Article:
Good Samaritan laws are laws enacted by individual states, in most cases, which protect a person who renders cardiopulmonary resuscitation (CPR) or other medical aid, from frivolous lawsuits. The intent of these laws is to make it possible for those wary of lawsuits to help save a person without fear of legal recourse if the person is hurt by the treatment or dies.
Often, Good Samaritan laws may apply only to medical professionals or those who have completed Red Cross training or the equivalent in CPR. The helping person must act with the person’s consent, when possible, and this must be an entirely voluntary act. These laws do not apply to medical personnel working in a hospital, for example. Even when help is voluntary, these laws do not mean that a person cannot ever be sued for performing CPR that goes wrong.
Most Good Samaritan laws call for the helping person to act in a prudential and responsible way. A medical professional who acts in an irresponsible way, or who can be shown to be inebriated while delivering care may still be subject to a lawsuit if the outcome of the help is not favorable. This can only occur when negligence can be proven.
In some cases, Good Samaritan laws may also apply to people without medical training, who attempt to act for the good of the person who might reasonably die without intervention or treatment. For example, a Good Samaritan pulls a person out of a burning car that has been involved in an accident. To not act would surely cause the person’s death, but acting might mean the car crash victim is then paralyzed.
In most cases, the person pulled out of the car could not sue his or her rescuer because of Good Samaritan laws, or simply because of good sense. If, however, the car is not burning and there is no imminent threat to the person in the car, moving the person could result in a lawsuit, since it is medically irresponsible to do so.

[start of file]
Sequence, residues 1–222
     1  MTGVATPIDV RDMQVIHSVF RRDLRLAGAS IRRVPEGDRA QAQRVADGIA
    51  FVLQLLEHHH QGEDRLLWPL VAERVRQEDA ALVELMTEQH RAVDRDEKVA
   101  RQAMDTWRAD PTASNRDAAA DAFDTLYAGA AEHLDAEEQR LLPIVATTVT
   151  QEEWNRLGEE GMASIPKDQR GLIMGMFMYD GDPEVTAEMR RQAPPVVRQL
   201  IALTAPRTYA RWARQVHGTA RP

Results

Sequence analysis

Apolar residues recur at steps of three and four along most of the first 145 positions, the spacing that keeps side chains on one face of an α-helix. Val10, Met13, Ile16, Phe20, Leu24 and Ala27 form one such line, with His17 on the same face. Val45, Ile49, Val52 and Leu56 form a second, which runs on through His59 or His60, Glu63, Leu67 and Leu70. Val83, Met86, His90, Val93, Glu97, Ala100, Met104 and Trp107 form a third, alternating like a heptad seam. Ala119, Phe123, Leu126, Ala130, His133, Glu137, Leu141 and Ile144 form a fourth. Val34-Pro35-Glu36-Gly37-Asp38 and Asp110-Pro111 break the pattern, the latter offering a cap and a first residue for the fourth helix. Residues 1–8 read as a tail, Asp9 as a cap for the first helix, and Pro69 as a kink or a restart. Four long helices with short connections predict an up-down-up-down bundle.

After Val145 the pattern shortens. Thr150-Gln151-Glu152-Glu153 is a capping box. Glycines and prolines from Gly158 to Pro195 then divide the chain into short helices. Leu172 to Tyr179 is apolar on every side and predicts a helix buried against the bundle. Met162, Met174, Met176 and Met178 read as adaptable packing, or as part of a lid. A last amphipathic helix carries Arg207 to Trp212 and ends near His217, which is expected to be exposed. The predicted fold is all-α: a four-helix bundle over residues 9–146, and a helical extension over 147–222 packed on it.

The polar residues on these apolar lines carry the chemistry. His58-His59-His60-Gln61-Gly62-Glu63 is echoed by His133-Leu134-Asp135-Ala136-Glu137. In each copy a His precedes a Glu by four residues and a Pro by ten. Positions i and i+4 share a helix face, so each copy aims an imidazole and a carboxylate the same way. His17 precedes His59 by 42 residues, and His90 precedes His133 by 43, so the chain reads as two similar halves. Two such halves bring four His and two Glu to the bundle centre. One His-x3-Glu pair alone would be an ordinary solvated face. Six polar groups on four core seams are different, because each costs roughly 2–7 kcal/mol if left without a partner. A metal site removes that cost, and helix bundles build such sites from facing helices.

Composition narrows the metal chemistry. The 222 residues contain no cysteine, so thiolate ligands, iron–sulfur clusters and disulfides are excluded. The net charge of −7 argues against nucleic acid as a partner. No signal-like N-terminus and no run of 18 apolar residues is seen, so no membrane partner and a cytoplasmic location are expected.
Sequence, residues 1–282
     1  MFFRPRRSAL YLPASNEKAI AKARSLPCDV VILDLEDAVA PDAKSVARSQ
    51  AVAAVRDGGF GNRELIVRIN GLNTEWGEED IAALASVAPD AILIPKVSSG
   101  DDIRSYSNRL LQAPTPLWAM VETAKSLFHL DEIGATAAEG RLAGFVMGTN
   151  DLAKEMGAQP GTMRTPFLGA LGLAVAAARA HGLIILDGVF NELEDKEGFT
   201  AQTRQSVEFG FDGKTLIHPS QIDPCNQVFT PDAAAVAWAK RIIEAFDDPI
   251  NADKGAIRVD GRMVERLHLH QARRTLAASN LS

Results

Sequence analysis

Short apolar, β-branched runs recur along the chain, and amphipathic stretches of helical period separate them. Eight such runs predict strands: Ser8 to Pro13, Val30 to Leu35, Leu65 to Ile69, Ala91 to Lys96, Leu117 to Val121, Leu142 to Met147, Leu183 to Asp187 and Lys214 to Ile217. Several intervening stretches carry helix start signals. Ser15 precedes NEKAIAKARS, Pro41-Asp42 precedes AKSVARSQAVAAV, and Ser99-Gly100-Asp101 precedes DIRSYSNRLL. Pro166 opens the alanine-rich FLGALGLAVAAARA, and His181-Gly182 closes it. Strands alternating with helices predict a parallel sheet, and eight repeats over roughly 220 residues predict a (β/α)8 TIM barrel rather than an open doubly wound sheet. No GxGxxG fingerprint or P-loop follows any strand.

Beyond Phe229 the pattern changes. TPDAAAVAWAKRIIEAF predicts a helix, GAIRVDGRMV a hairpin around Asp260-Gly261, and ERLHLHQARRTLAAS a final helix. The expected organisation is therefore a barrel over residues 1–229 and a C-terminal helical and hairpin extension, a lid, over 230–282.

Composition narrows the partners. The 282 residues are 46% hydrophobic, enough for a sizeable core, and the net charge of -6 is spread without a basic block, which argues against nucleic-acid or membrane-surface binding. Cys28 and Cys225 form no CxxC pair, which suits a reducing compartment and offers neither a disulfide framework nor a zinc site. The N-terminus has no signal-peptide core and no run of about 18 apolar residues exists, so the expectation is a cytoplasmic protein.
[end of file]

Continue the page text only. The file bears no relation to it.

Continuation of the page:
Most people wish to be a Good Samaritan in the event of an emergency, but an being in a state of emergency can heighten mistakes of people who are not trained. In an emergency, it is most important to only act when someone more qualified than one’s self is not present. For example a person with CPR training should give way to a doctor in a choking emergency, since a doctor is probably better at performing CPR.
To recklessly push aside the doctor and persist in performing CPR would be considered negligent and not prudent. It might result in a lawsuit should a death or major injury occur. Good Samaritan laws do not protect people against reckless behavior during an emergency even if one’s intentions are good.
Similar laws exist on the federal level as well. These laws protect grocery stores, food companies and individuals from liability if food donated to a shelter or food program for the poor makes people ill. These laws only apply when the donor acts in good faith and does not willfully donate foods that are known to be past their expiration date, damaged, or contaminated.